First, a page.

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Kilronan

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Kilronan Parish


Kilronan, or in ancient times Tier Tuaithail, in North Roscommon, is bordered by Lough Key (Ce) near Boyle to the West and Lough Allen - the first major lake of the Shannon system -to the East. This compact area contains the villages of Arigna, Keadue and Ballyfarnon
.

Photo's taken by Gerry & Carol Degnan 1986 & 1999

click on each thumbnail to view the larger photo

Ruins of Kilronan Abbey & Cemetery.

Inside the Abbey with the last full wall. This is where Turlough O'Carolan is buried.

St Lasser's Well

Part of the monument to the Four Masters in Donegal. You can see the name Peregrine O'Duigenan in Gaelic on it

St Lasser's Well - The plaque is in commemoration of Pope John Paul II visit to Ireland in 1979.

Area around the Abbey

Ruins of the castle, the older part of which was first built by Colonel King Tennison. There is no record of what year it was built

Another photo of the castle. The present structure was built by the Earl of Kingstone in 1876. This area was always known by the locals as the Duignan's

Kilronan Castle

Looking down the long walk to the entrance

Another shot

Distant view

More distant view

Just had to post the photo

                                                                                KILRONAN

                                                                        by James McGarry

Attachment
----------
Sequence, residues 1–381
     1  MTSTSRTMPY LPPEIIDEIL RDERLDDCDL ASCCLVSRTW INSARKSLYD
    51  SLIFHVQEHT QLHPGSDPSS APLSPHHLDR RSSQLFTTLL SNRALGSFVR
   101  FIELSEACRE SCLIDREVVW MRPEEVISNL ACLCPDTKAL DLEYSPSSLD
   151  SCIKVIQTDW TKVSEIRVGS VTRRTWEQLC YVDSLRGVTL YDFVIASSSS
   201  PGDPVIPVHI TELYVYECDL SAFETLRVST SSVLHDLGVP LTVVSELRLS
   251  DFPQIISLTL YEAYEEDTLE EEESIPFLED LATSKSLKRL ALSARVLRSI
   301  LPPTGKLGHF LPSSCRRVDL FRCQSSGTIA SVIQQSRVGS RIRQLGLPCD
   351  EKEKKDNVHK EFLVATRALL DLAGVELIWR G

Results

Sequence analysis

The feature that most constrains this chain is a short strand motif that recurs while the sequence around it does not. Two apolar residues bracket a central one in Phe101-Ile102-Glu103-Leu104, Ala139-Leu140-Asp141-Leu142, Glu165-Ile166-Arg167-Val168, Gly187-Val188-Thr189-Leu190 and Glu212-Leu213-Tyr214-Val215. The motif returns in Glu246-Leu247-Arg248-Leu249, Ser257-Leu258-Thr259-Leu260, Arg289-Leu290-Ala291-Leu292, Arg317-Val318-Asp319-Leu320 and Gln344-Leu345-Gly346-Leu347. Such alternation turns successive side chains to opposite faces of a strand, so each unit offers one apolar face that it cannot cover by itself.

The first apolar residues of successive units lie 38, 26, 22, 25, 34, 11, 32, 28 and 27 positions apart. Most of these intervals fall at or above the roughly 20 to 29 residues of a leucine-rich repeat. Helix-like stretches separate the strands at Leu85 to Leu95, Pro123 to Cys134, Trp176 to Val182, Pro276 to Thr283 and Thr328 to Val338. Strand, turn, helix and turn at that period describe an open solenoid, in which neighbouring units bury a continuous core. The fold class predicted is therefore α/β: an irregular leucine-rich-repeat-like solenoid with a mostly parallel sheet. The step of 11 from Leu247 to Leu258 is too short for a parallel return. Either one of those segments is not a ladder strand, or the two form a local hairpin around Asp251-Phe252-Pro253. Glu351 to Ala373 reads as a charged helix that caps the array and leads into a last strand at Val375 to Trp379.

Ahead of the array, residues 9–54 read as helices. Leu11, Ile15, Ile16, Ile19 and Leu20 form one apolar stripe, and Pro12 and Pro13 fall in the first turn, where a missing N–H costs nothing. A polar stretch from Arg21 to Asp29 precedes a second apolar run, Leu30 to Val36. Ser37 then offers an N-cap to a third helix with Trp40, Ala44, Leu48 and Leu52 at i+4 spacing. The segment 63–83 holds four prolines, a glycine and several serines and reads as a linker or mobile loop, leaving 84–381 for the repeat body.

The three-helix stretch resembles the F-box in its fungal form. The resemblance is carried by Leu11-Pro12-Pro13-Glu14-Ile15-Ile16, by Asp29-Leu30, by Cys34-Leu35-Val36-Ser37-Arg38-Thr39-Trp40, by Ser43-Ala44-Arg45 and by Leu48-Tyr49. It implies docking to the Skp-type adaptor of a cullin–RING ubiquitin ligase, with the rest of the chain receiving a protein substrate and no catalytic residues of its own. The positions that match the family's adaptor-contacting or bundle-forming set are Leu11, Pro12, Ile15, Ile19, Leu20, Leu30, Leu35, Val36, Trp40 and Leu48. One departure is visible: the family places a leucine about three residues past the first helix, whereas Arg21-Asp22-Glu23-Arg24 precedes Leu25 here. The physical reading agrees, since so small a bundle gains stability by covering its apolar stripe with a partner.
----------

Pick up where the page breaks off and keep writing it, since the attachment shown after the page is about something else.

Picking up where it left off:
The first Church at Kilronan, Ballyfarnon, Co. Roscommon, was built in the 8th century by St. Ronan and his daughter St. Lasser (Lasair), hence the name Kilronan (kil or cill meaning church). It was replaced in 1339 by one built by Fergal O'Duigenan which was burned down in 1340 and replace three years later by the Church, one gable of which stands today. Sheltered by that gable is the vault of the McDermott Roes, in which Turlough O'Carolan was interred in 1738.

This gable is a memorial to the Gaelic Literary tradition from the 13th -18th century as represented by the O'Duigenans, hereditary erenachs of Kilronan (lay abbots who held church land from generation to generation), and chroniclers (as well as bards and ollavs-hereditary poets) to the Mac Dermotts, Princes of Moylurg, down to Turlough O'Carolan, sometimes styled "The Last of the Bards". The O'Duigenans maintained a School of History on this site. The origin of the bards is lost in the mists of pre-historic Ireland.

...the O'Duigenans moved from Westmeath to Kilronan ca 1296, and about 1400, a branch of the family settled at Castlefore, Leitrim. The O'Duigenan family were associated with several of the Annals of Ireland. Such annals are the most reliable source of Irish history for 1,000 years down to the 16th century. The records for the early periods were taken from older manuscripts now lost. Members of the O'Duigenan family assisted in the compilation of the following Annals:

1. Annals of Lough Ce(Key) dealing mainly with events in Connacht from 1014 - 1571.

2. The Book of the O'Duigenans of Kilronan to which the Four Masters acknowledged their debt.

3. The Annals of the Four Masters, one of whom was Peregrine O'Duigenan of Castlefore.

4. Last but not least, The Book of Ballymote, one of the seven Great Books of Ireland, sometimes described as miniature mediaeval libraries, compiled about 1391 by Marcus O'Duigenan for Brian MacDonagh of Corran. Its chief distinction is that it preserved the key to Ogham writing.